38. FDA Medical Review p. 5,41
  39. Grimes, DA (2000), "Intrauterine Device and upper-genital-tract infection", The Lancet, 356: 1013–1019, doi:10.1016/S0140-6736(00)02699-4, PMID 11041414
  40. Bahamondes L; Hidalgo M; Petta CA; Diaz J; Espejo-Arce X; Monteiro-Dantas C. (2003), "Enlarged ovarian follicles in users of a levonorgestrel-releasing intrauterine system and contraceptive implant", J. Reproduc. Med., 48 (8): 637–640, PMID 12971147
  41. 1 2 3 4 5 6 "Mirena". BayerUK. 11 June 2013. Retrieved 18 June 2015.
  42. Nijhuis J, Schijf C, Eskes T (1985). "The lost IUD: don't look too far for it". Ned Tijdschr Geneeskd. 129 (30): 1409–10. PMID 3900746.
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  44. "Hormonal Contraceptives, Progestogens Only". International Agency for Research on Cancer. 1999. Retrieved 8 October 2006.
  45. 1 2 3 4 Kim, Julie; Chapman-Davis, Eloise (26 January 2010). "Role of Progesterone in Endometrial Cancer". Semin Reprod Med. doi:10.1055/s-0029-1242998. Retrieved 3 December 2016.
  46. Faculty of Family Planning and Reproductive Health Care Clinical Effectiveness Unit (2004). "FFPRHC Guidance (April 2004). The levonorgestrel-releasing intrauterine system (LNG-IUS) in contraception and reproductive health" (PDF). J Fam Plann Reprod Health Care. 30 (2): 99–109. doi:10.1783/147118904322995474. PMID 15086994.
  47. 1 2 3 Wong AY, Tang LC, Chin RK (2010). "Levonorgestrel-releasing intrauterine system (Mirena) and Depot medroxyprogesterone acetate (Depoprovera) as long-term maintenance therapy for patients with moderate and severe endometriosis: a randomised controlled trial.". Aust N Z J Obstet Gynaecol. 50 (3): 273–9. doi:10.1111/j.1479-828X.2010.01152.x. PMID 20618247.
  48. Bahamondes MV, Monteiro I, Castro S, Espejo-Arce X, Bahamondes L (2010). "Prospective study of the forearm bone mineral density of long-term users of the levonorgestrel-releasing intrauterine system.". Hum Reprod. 25 (5): 1158–64. doi:10.1093/humrep/deq043. PMID 20185512.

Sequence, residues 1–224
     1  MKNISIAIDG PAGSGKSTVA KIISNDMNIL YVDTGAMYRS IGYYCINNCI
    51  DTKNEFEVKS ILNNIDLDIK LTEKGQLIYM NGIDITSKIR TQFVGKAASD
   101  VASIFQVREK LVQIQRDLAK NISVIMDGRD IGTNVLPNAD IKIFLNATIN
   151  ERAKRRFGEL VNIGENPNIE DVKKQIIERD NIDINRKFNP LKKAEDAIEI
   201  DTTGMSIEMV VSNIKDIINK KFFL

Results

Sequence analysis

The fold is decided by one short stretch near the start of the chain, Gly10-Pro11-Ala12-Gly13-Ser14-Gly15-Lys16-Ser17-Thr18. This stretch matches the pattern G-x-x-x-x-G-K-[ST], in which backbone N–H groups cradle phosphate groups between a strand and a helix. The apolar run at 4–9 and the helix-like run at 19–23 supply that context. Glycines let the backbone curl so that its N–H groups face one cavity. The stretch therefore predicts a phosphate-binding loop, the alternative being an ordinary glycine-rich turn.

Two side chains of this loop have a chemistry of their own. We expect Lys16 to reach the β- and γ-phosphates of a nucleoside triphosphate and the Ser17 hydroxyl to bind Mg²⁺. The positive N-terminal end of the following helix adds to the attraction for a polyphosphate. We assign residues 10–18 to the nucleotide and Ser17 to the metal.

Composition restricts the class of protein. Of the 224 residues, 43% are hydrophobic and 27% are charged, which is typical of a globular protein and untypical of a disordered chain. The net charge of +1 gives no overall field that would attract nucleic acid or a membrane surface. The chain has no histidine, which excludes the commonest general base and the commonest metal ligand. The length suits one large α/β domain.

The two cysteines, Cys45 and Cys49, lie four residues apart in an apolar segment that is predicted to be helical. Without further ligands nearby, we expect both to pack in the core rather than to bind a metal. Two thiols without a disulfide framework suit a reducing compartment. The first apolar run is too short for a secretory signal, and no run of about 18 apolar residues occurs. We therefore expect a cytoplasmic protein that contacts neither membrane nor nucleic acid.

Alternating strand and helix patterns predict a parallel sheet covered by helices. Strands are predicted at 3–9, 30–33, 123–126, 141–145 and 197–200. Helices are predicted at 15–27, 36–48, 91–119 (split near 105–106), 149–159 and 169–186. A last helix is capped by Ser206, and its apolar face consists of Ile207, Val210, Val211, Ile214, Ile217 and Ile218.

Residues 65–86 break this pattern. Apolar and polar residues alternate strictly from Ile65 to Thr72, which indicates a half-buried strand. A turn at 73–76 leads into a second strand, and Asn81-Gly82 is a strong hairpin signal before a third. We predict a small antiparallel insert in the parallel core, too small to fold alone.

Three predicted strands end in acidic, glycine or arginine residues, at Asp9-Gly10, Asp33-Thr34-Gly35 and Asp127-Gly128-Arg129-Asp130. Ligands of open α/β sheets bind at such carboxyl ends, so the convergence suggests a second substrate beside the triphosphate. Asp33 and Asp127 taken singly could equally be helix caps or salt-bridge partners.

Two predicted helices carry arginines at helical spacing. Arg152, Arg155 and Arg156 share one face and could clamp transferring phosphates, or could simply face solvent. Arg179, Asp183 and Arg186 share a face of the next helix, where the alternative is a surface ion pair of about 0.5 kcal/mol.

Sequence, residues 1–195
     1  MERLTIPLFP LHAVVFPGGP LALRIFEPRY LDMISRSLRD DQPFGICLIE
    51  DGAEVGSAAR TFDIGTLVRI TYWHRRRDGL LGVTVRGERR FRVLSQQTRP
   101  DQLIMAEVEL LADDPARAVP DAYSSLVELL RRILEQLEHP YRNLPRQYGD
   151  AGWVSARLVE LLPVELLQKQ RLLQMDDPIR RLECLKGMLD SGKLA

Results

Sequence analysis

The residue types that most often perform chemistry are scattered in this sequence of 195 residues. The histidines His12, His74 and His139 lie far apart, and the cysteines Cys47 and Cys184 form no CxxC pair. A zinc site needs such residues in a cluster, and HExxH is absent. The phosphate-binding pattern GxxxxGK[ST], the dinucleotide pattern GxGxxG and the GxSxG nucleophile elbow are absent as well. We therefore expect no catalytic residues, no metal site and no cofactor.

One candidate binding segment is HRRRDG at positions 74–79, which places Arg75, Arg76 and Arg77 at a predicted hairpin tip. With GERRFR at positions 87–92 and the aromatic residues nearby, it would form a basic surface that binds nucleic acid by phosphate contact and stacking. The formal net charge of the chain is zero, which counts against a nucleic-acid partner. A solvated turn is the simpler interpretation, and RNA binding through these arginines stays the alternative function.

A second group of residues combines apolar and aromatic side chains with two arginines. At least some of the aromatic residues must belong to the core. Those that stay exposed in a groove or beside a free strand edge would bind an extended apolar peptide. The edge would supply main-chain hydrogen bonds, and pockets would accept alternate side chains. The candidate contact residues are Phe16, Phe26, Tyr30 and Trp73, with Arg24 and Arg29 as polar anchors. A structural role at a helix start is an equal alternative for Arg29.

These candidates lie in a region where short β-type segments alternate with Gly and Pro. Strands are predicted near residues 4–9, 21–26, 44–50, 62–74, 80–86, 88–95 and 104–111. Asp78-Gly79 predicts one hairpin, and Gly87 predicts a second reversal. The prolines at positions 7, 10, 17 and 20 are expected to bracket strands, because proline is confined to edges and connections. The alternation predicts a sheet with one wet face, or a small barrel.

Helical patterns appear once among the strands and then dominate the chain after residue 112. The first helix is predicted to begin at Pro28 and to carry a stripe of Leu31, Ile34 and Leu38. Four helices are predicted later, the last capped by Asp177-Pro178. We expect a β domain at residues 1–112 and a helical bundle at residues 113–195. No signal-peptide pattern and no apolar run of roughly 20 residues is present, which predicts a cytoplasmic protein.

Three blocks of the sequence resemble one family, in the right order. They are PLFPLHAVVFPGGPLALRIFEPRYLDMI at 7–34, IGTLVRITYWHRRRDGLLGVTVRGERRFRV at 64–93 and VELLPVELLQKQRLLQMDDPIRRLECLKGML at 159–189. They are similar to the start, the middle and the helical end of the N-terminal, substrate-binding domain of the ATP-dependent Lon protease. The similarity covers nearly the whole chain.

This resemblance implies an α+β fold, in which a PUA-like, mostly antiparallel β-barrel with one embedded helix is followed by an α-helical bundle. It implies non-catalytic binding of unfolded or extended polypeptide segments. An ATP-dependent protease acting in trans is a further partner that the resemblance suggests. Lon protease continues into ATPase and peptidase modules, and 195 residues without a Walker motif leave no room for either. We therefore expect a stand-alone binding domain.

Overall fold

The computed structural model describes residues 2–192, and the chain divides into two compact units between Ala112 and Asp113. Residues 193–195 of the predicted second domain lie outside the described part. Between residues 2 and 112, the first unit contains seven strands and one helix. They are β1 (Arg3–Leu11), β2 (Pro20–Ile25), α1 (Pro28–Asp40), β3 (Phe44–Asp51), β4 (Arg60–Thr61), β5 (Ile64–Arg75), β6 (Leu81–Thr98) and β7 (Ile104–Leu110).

49. Luukkainen, T. (1991), "Levonorgestrel-Releasing Intrauterine Device", Annals of the New York Academy of Sciences, 626: 43–49, doi:10.1111/j.1749-6632.1991.tb37898.x
  50. Bayer Group. "What is Jaydess®?". Jaydess. Bayer PLC. Retrieved 16 November 2016.
  51. Römer, T.; Bühling, K. J. (2013). "Intrauterine hormonelle Kontrazeption". Gynäkologische Endokrinologie. 11 (3): 188–196. doi:10.1007/s10304-012-0532-4.
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  54. Lopez, LM; Bernholc, A; Zeng, Y; Allen, RH; Bartz, D; O'Brien, PA; Hubacher, D (29 July 2015). "Interventions for pain with intrauterine device insertion.". The Cochrane database of systematic reviews. 7: CD007373. doi:10.1002/14651858.CD007373.pub3. PMID 26222246.
  55. Mansour, D; Gemzell-Danielsson, K; Inki, Pirjo; Jensen, JT. (2011), "Fertility after discontinuation of contraception: a comprehensive review of the literature", Contraception, 84 (5): 465–477, doi:10.1016/j.contraception.2011.04.002, PMID 22018120
  56. Randic, L; Vlasic, S; Matrljan, I; Waszak, C (1985), "Return to fertility after IUD removal for planned pregnancy", Contraception, 32 (3): 253–259, doi:10.1016/0010-7824(85)90048-4
  57. Ortiz, María Elena; Croxatto, Horacio B. (June 2007). "Copper-T intrauterine device and levonorgestrel intrauterine system: biological bases of their mechanism of action". Contraception. 75 (6 Suppl): S16‒S30. doi:10.1016/j.contraception.2007.01.020. PMID 17531610. p. S28:
    Active substances released from the IUD or IUS, together with products derived from the inflammatory reaction present in the luminal fluids of the genital tract, are toxic for spermatozoa and oocytes, preventing the encounter of healthy gametes and the formation of viable embryos. The current data do not indicate that embryos are formed in IUD users at a rate comparable to that of nonusers. The common belief that the usual mechanism of action of IUDs in women is destruction of embryos in the uterus is not supported by empirical evidence. The bulk of the data indicate that interference with the reproductive process after fertilization has taken place is exceptional in the presence of a T-Cu or LNG-IUD and that the usual mechanism by which they prevent pregnancy in women is by preventing fertilization.
  58. ESHRE Capri Workshop Group (May–June 2008). "Intrauterine devices and intrauterine systems". Human Reproduction Update. 14 (3): 197‒208. doi:10.1093/humupd/dmn003. PMID 18400840. p. 199:
    Mechanisms of action
    Thus, both clinical and experimental evidence suggests that IUDs can prevent and disrupt implantation. It is unlikely, however, that this is the main IUD mode of action, … The best evidence indicates that in IUD users it is unusual for embryos to reach the uterus.
    In conclusion, IUDs may exert their contraceptive action at different levels. Potentially, they interfere with sperm function and transport within the uterus and tubes. It is difficult to determine whether fertilization of the oocyte is impaired by these compromised sperm. There is sufficient evidence to suggest that IUDs can prevent and disrupt implantation. The extent to which this interference contributes to its contraceptive action is unknown. The data are scanty and the political consequences of resolving this issue interfere with comprehensive research.
    p. 205: